The Complete Guide to Adding Context to Strings.
Transifex provides multiple methods of providing context to translators in order to help them translate each string. This guide will introduce the user to all the context tools that Transifex offers.
Developers and Project Maintainers can provide written instructions to translators that can describe the context of each string. The two forms of written context are:
This information appears in the translation editor here:
These types of notes are added to source files by developers. Not all file formats support developer notes though. The file types which support developer notes are the following: Android XML, Apple PLIST, Apple Strings, JSON (Chrome), Structured JSON, PO, Mozilla DTD, Windows Resx, Resw and Resjson, Xliff, xlsx (as context) and YAML.
If your file type does not support developer notes, then written context can be added in the form of a string instruction either manually or via the API as metadata. String Instructions appear in the same location as developer notes.
Sometimes a Translator needs to see where on a screen the string resides in order to get a feel for how a string is translated. For such cases Transifex provides the following options:
Visual Context For Mobile Applications:
When creating Mobile applications, space constraints are at a premium. That is why we recommend our visual context feature which maps strings to screenshots. This will enable translators to physically see where on the tiny screen, the strings reside. Screenshots can be uploaded manually or via the API. Conversely strings can be mapped either manually or via the API as well.
The resulting mapping can be viewed in the translation editor. Source strings that have visual context are displayed with a little screen icon as seen below:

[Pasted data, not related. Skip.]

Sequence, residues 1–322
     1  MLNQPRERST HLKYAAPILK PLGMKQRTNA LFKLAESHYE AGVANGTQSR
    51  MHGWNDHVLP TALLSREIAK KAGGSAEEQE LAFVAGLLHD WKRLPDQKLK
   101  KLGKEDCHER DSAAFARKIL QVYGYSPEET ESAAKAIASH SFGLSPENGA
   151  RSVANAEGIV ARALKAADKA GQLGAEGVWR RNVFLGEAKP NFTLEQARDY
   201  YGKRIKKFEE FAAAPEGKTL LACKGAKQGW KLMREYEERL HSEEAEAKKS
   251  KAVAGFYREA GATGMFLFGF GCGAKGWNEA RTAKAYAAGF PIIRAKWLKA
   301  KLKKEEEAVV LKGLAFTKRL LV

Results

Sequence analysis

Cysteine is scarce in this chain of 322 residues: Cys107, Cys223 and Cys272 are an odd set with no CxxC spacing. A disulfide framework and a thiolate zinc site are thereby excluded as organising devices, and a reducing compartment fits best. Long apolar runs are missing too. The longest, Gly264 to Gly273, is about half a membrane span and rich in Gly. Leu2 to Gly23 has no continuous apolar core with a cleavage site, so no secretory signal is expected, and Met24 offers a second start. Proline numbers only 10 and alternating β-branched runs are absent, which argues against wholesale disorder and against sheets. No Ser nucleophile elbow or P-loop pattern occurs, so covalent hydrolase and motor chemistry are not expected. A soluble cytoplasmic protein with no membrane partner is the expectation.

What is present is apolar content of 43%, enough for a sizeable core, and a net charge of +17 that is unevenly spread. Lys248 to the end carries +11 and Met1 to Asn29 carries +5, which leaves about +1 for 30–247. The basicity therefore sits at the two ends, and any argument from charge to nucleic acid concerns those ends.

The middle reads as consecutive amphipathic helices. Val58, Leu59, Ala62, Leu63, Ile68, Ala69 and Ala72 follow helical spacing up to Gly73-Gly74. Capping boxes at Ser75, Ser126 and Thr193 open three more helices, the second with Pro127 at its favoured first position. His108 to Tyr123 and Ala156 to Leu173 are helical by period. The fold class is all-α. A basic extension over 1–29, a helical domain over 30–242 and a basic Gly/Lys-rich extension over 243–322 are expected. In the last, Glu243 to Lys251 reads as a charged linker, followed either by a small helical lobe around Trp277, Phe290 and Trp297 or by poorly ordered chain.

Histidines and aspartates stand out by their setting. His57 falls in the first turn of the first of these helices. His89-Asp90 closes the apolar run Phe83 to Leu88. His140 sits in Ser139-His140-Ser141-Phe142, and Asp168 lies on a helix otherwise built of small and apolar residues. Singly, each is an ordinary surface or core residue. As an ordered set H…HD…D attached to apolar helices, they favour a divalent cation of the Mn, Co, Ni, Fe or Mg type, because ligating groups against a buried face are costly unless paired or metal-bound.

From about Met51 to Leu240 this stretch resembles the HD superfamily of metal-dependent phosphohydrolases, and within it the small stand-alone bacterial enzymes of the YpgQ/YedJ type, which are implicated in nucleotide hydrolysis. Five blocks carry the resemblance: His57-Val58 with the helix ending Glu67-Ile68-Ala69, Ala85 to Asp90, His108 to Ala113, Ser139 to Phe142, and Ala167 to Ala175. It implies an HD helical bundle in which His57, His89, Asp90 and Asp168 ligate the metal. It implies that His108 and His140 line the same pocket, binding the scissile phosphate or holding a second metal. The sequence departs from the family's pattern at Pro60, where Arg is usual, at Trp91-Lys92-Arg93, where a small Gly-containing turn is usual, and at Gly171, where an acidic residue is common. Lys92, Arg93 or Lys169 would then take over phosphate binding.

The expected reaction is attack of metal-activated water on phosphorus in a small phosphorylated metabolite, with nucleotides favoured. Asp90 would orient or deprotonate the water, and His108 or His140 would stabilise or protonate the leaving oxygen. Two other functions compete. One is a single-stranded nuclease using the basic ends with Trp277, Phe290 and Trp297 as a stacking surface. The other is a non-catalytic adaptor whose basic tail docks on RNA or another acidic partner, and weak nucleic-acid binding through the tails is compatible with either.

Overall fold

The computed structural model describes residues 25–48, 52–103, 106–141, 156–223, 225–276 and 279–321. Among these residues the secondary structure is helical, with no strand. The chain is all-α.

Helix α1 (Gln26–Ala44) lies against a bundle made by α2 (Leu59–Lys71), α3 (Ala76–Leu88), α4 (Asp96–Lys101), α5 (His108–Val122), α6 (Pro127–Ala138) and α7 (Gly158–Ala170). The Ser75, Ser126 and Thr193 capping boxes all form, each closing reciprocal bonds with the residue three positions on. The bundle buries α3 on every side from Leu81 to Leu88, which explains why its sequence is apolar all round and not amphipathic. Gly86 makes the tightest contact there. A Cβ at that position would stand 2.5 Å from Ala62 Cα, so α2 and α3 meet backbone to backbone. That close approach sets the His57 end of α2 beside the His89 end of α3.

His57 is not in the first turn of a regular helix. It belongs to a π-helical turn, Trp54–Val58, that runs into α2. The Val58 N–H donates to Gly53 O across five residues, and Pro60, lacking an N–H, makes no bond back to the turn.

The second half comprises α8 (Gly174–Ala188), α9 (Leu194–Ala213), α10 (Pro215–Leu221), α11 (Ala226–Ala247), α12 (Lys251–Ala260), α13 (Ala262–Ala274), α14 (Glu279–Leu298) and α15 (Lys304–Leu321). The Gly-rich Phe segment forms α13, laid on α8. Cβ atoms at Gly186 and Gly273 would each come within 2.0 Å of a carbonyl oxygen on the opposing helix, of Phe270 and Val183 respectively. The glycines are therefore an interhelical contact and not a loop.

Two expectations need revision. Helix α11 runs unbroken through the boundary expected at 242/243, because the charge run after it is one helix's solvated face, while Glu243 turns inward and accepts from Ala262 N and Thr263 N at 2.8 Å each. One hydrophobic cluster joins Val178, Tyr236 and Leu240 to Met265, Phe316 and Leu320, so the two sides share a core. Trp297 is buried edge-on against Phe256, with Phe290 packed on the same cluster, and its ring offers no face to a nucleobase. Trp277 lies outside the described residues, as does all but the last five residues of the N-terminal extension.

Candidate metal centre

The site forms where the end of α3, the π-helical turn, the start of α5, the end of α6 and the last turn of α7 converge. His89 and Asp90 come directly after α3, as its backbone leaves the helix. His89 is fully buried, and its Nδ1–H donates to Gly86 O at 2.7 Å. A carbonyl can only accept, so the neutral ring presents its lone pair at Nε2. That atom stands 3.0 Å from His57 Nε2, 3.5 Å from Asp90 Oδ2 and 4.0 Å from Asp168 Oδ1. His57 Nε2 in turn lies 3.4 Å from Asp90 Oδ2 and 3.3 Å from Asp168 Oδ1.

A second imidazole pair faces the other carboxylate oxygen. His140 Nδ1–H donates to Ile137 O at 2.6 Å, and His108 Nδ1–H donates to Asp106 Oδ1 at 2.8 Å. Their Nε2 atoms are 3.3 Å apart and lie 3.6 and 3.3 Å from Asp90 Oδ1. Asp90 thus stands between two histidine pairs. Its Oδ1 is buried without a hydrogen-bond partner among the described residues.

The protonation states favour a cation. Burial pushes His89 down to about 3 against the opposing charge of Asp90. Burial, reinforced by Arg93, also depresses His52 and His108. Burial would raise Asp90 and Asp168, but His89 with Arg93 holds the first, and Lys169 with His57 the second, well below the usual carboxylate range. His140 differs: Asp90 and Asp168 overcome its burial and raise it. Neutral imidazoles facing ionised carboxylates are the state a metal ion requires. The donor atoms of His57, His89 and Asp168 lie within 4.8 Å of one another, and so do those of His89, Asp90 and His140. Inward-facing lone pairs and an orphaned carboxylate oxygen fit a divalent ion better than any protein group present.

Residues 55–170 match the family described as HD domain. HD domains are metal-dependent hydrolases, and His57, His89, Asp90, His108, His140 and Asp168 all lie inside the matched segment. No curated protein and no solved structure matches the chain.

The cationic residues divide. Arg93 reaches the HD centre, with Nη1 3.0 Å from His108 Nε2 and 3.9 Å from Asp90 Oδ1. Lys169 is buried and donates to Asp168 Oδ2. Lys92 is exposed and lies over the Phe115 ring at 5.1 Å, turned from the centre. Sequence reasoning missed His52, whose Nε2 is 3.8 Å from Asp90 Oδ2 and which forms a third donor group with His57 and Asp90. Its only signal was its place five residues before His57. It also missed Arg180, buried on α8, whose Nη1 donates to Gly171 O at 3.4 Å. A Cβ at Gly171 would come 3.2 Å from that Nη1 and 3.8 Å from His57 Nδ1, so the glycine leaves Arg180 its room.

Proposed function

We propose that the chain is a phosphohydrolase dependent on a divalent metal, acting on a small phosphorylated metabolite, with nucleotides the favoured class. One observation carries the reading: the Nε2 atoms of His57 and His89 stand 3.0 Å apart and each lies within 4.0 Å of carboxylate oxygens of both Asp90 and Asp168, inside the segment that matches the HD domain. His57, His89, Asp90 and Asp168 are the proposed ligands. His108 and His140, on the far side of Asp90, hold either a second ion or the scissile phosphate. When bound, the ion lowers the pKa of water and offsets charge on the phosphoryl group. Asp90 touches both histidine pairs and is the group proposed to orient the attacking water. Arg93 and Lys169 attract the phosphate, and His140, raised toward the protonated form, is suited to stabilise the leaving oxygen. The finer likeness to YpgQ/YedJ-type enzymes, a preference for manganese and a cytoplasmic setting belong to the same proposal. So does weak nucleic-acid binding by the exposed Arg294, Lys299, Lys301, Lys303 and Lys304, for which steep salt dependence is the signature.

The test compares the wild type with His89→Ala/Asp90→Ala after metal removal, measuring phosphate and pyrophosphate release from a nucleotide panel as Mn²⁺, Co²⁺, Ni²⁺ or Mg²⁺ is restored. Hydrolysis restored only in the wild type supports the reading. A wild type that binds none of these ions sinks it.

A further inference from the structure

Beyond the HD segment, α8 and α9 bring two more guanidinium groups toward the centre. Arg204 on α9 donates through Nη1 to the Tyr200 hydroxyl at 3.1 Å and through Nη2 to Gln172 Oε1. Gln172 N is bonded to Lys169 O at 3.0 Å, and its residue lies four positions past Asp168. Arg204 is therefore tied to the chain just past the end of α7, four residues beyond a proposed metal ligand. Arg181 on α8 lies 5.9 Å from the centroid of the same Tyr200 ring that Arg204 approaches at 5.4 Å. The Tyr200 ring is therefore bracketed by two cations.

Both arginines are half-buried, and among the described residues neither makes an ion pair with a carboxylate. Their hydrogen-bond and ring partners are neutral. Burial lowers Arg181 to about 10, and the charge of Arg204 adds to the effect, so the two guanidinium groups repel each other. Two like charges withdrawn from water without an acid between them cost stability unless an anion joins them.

Clicking on the icon will allow you to view the mapping under the context tab in the editor as seen below:
Clicking on the screenshot in the screenshot list will open up the mapping. Note a string can be associated with multiple screenshots. This feature requires the premium plan and up.
Visual Context For Web Applications (Context For Files):
Context for files works by providing a list of URL’s that are associated with a given string. As an example see the image below:
Clicking on a given URL in the list will open up the web page with the string highlighted as seen below:
If the string was not translated, then the original source text would be highlighted. This feature is a paid premium add-on that can be added to any plan.
Visual Context For Web Applications (Transifex Live):
Within Transifex you have the option to translate directly on your web-site. This is called Transifex Live. Because you are translating directly onto your web-site you can see how all the strings are arranged on your site. This project type is useful if you are translating a web-site that has never been localized before, is not heavily SEO dependant or if you wish to get started quickly without necessarily involving your development team. More information can be found here. Transifex Live is included in any paid plan.
Visual Context For Users of Figma:
If your development team uses Figma as their design tool, then designs from Figma can be imported into Transifex complete with strings mapped to the appropriate graphic. All that is required is to select the strings in your Figma Layout that you wish to translate, click the push to Transifex button in our Figma Transifex Plugin and the strings are sent to Transifex, along with the Figma Layout. The translator then accesses the screenshot in the same manner as indicated in the Visual Context For Mobile Applications section (Item 1 above). More information can be found here. This plugin is a paid add-on available on any plan.
Oftentimes when context is not provided, translators will ask for it via a comment, or an issue. Issues differ from comments in that they need to be resolved. The responses to these issues and comments can be perceived as context and can be filtered in the translation editor. It is preferable though when responding to context related comments and issues to add String Instructions as well, as string instructions are more visible.
For more information on how to use context, please read the blog post here.